by Christopher Cunningham
Building and maintaining a wooden boat involves a lot of sanding and a lot of dust. I have an exhaust fan for the shop, a dust collector connected to my tablesaw and jointer, and shop-vacuum connections for the belt sander, disc sander, bandsaw, and random-orbit sander. My latest addition to my arsenal of dust-collection devices is a shop-built downdraft table. It comes in handy for capturing the dust from sanding small pieces by hand or with a random-orbit sander. There’s nothing special about the box. I used 3/4″ fir from some old shelving and 3/8″ plywood for the top and bottom. Most of the downdraft tables I found on the web had interior panels sloped to draw the coarse particles toward the hose fitting, but with my shallow box, I didn’t think they would be very effective. The top is removable, so it is easy enough to get to the interior with the shop vacuum whenever it’s time to clean up the interior.
Cleats set inside the perimeter of the box provide ledges for the plywood after they’ve had their holes drilled. The top has a grid of 7/8″ holes drilled on 2″ centers; the bottom has one large hole to fit the dust-collector hose fitting, and a second smaller hole to fit the shop-vacuum hose. The bottom is glued and nailed in place. The dust collector normally does the work while the downdraft table is in the shop, and I’d take the table and the shop vacuum for jobs elsewhere. A foam plug blocks the unused hole.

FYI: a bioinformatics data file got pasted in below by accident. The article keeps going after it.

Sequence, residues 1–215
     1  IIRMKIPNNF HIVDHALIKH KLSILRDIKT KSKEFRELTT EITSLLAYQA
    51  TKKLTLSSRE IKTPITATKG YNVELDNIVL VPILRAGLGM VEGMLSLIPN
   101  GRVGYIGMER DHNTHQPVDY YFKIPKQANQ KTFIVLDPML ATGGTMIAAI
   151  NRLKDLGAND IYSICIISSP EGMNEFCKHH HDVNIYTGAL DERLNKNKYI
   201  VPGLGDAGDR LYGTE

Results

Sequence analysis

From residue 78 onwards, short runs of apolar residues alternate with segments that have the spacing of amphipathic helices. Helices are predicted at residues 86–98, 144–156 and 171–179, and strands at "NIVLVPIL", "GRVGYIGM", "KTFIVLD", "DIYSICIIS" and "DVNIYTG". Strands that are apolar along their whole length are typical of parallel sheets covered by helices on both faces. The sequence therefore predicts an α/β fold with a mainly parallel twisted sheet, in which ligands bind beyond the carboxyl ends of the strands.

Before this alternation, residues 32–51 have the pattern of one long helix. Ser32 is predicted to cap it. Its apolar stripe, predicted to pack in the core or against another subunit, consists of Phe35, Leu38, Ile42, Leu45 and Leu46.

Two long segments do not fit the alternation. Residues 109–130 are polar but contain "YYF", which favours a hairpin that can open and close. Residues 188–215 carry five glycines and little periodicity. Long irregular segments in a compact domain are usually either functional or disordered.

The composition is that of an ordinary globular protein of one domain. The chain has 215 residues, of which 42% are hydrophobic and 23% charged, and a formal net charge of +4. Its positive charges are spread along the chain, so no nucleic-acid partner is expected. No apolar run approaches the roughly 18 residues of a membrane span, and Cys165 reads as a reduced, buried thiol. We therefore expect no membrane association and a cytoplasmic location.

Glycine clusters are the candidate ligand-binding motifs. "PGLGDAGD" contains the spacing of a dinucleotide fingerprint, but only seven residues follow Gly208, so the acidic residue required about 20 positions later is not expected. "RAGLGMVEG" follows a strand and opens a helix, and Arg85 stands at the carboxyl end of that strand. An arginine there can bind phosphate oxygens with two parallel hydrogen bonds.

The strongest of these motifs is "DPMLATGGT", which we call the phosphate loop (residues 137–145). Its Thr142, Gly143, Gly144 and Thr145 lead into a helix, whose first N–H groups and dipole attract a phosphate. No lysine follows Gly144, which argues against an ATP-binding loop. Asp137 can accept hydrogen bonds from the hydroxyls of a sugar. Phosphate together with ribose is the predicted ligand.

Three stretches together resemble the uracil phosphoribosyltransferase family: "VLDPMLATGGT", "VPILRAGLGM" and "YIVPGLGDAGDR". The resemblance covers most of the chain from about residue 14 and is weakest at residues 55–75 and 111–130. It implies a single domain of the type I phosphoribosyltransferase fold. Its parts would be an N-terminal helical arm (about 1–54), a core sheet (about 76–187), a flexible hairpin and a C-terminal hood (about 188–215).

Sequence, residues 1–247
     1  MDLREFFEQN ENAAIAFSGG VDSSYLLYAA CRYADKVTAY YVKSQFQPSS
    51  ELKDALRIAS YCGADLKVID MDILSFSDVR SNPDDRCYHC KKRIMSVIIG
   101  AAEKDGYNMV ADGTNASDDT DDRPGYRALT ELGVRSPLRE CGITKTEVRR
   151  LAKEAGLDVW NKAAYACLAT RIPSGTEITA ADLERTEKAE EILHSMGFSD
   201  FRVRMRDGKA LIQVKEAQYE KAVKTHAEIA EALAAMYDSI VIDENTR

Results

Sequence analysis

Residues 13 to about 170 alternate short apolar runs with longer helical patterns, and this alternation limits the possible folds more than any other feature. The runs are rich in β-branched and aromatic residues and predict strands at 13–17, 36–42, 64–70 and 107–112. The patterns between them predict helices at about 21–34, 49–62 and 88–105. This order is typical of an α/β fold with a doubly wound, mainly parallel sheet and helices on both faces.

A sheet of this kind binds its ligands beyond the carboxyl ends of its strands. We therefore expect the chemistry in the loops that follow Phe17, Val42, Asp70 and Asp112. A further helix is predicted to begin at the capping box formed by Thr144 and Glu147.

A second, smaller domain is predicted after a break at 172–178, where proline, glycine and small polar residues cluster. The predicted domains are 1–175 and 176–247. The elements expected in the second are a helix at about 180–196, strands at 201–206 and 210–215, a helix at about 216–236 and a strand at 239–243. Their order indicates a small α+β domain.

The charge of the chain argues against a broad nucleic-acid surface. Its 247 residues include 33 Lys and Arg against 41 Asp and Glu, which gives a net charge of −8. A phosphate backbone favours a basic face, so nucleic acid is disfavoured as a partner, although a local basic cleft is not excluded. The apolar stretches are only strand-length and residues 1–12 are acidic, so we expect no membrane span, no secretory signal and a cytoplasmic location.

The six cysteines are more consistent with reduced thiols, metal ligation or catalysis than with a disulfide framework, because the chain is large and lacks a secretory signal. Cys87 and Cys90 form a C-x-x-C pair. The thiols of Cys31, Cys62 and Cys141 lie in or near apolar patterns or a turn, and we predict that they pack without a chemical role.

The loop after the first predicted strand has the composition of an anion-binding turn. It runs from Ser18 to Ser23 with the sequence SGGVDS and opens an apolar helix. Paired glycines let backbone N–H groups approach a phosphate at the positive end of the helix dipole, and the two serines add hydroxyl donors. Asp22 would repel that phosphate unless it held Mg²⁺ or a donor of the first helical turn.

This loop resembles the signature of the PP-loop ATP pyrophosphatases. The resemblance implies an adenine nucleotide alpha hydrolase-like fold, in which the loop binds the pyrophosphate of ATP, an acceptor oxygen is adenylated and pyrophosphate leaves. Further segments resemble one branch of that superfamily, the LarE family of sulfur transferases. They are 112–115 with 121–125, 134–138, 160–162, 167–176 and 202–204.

I had to drill an additional hole in each of the rip-fence rails to support the downdraft table. Your tablesaw may require different modifications.
The downdraft table doesn’t interfere with the operation of the tablesaw. The fence slides over it and I have enough room under it to adjust the tilt without barking my knuckles. The extra surface area supports pieces being sawn on the right side of the blade and offers a place to set push sticks, pencils, and measuring tools. The downdraft table helps assure that what happens in the shop stays in the shop.
Christopher Cunningham is the editor of Small Boats Monthly
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